This was an interesting book, effectively making the point that all of life is to be focused on God, not on people. This author is a bit wordy, but he makes good points. Lucado particularly uses illustrations and biblical references very well to direct the reader’s attention back to the importance of keeping God first.

I would particularly recommend this book those wondering what the Christian life is to be all about, either those seeking to know God or ones who are fairly new to faith in Christ as Savior.

I received this book for free in exchange for my unbiased review through the Thomas Nelson BookSneeze Program.

Tuesday, June 7, 2011

How To Be God's Little Princess by Sheila Walsh

This book is an updated primer on what used to be called deportment. It instructs young girls how to dress, accessorize, move, and conduct herself by socializing and interacting with others in person and with electronic media. It gives specifics about table manners, personal grooming and hygiene, developing a good attitude, and cultivating a relationship with God.

This is an excellent book, both informative and entertaining. The author does an exceptional job of presenting manners and personal improvement as logical and worthy goals for young girls. The style is friendly and helpful.
The author does an appealing job of weaving Scripture into the book’s principles and gently presents the gospel toward the end of the book.

I would wholeheartedly recommend this book for young girls.

I received this book for free in exchange for my unbiased review through the Thomas Nelson BookSneeze Program.

Monday, April 18, 2011

Max on Life by Max Lucado

The author answers 172 common questions, organized into seven categories, including Hope, Hurt, Help and Home.

The questions were excellent and, for the most part, so were the answers. For example, one person whose mother was in a nursing home had difficulty visiting her. Max told of visiting his mother there, saying, “At first I saw age, disease, and faded vigor. With time I saw love, courage, and unflappable unselfishness. Ask God to show you his work. He will be happy to do so.” With just a few words, Max demonstrated the ability to help shift a perspective. His answer to a person’s question about suicide was equally good: “God does not measure a person by one decision, nor should we.”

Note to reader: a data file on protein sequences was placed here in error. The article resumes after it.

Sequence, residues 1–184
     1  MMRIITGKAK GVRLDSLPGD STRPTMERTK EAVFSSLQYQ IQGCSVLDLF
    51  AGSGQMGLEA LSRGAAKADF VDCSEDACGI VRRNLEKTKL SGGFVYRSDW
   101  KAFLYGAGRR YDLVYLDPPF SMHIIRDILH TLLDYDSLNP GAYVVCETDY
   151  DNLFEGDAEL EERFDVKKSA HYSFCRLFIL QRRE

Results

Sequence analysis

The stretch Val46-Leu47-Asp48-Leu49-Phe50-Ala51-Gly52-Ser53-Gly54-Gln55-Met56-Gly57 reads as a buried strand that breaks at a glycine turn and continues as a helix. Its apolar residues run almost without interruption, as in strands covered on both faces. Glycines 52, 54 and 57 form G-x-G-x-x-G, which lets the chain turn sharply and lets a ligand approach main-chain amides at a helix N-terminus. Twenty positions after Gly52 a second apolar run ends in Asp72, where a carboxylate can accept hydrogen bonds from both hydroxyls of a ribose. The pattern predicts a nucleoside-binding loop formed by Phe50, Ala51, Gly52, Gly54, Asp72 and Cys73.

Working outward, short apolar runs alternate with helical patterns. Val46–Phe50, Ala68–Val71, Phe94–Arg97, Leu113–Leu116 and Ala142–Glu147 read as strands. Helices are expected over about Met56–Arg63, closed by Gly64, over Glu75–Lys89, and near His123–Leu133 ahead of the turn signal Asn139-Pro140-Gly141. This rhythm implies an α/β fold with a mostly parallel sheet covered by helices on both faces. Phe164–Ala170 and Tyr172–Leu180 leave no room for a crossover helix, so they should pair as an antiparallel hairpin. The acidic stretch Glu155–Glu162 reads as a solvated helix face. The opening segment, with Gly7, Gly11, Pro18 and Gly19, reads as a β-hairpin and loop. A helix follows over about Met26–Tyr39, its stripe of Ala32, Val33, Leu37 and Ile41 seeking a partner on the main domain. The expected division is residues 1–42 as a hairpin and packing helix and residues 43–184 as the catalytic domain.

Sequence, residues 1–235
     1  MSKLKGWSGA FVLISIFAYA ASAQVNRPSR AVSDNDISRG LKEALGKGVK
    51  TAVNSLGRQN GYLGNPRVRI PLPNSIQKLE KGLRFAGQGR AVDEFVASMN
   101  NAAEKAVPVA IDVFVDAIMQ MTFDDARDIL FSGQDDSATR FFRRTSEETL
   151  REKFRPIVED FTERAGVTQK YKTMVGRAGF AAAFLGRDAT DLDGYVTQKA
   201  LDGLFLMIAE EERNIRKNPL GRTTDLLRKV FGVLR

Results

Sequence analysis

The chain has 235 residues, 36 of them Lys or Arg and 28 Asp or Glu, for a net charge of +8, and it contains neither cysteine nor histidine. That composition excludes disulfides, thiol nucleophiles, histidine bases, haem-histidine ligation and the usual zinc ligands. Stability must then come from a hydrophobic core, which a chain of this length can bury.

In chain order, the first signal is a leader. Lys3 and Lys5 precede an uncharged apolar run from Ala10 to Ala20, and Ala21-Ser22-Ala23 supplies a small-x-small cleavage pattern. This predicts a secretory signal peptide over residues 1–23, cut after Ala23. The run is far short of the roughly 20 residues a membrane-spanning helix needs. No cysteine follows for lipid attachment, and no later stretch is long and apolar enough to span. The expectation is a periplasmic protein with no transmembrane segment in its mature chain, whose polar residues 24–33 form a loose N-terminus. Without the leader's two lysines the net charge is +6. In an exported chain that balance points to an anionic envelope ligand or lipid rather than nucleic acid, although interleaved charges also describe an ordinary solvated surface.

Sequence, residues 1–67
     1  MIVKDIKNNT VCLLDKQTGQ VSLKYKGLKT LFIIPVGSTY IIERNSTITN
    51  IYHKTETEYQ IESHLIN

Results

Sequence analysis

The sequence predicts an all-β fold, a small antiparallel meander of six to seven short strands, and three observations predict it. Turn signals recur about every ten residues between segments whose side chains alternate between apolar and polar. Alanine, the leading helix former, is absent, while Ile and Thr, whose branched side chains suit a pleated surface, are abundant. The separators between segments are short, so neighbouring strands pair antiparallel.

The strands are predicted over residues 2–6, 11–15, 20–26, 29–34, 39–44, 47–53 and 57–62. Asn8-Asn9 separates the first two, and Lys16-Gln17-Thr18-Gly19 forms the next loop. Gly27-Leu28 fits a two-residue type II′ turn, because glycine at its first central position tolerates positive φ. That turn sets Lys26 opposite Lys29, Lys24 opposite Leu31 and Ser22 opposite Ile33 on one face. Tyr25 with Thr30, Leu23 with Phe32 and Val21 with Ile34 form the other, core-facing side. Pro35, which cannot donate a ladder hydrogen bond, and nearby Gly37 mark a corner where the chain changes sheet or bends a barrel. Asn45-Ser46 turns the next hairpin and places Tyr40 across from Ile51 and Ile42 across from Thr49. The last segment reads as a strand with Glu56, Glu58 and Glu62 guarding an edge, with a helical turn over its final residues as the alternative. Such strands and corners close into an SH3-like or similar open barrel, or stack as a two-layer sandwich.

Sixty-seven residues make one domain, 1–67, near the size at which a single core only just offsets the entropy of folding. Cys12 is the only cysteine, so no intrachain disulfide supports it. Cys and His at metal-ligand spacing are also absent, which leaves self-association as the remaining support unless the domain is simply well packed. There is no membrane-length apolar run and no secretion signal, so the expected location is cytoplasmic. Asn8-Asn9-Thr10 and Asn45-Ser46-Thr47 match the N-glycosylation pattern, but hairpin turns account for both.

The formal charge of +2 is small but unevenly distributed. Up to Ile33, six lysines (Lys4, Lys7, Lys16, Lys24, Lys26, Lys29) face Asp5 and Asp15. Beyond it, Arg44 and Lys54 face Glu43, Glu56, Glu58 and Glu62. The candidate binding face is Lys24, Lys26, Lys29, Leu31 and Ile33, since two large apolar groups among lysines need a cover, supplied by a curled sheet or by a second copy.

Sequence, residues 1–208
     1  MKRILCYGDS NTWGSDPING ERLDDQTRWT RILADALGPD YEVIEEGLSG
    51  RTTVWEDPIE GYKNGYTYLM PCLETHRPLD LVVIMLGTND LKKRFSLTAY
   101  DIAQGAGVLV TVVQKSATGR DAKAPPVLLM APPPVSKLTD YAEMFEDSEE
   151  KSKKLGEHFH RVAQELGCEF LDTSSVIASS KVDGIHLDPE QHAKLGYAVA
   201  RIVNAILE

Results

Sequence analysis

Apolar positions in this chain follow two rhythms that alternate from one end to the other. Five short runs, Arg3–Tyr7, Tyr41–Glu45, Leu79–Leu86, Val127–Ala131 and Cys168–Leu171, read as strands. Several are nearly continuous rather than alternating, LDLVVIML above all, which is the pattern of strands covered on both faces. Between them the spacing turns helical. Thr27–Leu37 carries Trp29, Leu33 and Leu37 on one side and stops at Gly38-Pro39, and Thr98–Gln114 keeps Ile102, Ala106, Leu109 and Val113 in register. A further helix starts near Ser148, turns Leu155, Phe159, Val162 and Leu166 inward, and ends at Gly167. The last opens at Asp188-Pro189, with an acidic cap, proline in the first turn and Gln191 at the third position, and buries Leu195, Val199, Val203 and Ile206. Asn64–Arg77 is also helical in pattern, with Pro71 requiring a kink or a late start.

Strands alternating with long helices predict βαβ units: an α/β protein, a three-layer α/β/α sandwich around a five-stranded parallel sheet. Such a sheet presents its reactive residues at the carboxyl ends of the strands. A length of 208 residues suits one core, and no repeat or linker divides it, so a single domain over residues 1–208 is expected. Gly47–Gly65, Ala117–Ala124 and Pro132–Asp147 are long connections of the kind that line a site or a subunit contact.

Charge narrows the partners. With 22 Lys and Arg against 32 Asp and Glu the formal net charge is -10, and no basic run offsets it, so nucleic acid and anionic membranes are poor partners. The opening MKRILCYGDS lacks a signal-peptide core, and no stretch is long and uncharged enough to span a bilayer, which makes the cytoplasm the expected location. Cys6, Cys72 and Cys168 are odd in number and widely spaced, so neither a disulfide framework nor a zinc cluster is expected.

Some answers, though, came across as trite. One person struggled with forgiving an abuser, and Max responded that hurt people hurt people, and forgiveness breaks that chain; Jesus forgave people, including the abuser: “Before you get caught in the crazy cycle of hurt and forgivelessness, try shifting your glance away from the one who hurt you and setting your eyes on the One who has saved you. We all need forgiveness. Especially the person who hurt you.” It was as if Max were answering the question, “Do I need to forgive?” rather than, “One day I feel that I can forgive, and the next I feel I can’t.”

This book was a courageous attempt to answer people’s hardest questions, and I recommend it. While it was a little uneven, many questions were answered well.

I received this book for free in exchange for my unbiased review through the Thomas Nelson BookSneeze Program.

Tuesday, April 5, 2011

A Conversation with God by Alton Gansky

This book asks common questions people have of God, providing answers from the perspective of God, Jesus and biblical characters who faced issues reflecting those questions. Major topics covered are the reality of God, trustworthiness of the Bible, and what the Bible teaches about the future, pain, Jesus, the kingdom, heaven and hell, humanity, Christian living, and today’s world.

Frankly, I didn’t expect too much because 1) the subject matter is so broad and 2) the author was unknown to me, but the author did an exceptional job of responding to each question in a thoughtful, kind vein with what I consider to be accurate, biblical answers. His answers are firmly founded on Scripture, which he quotes constantly and at great length. My one wish is that the author would have woven the references into his text rather than putting them in endnotes.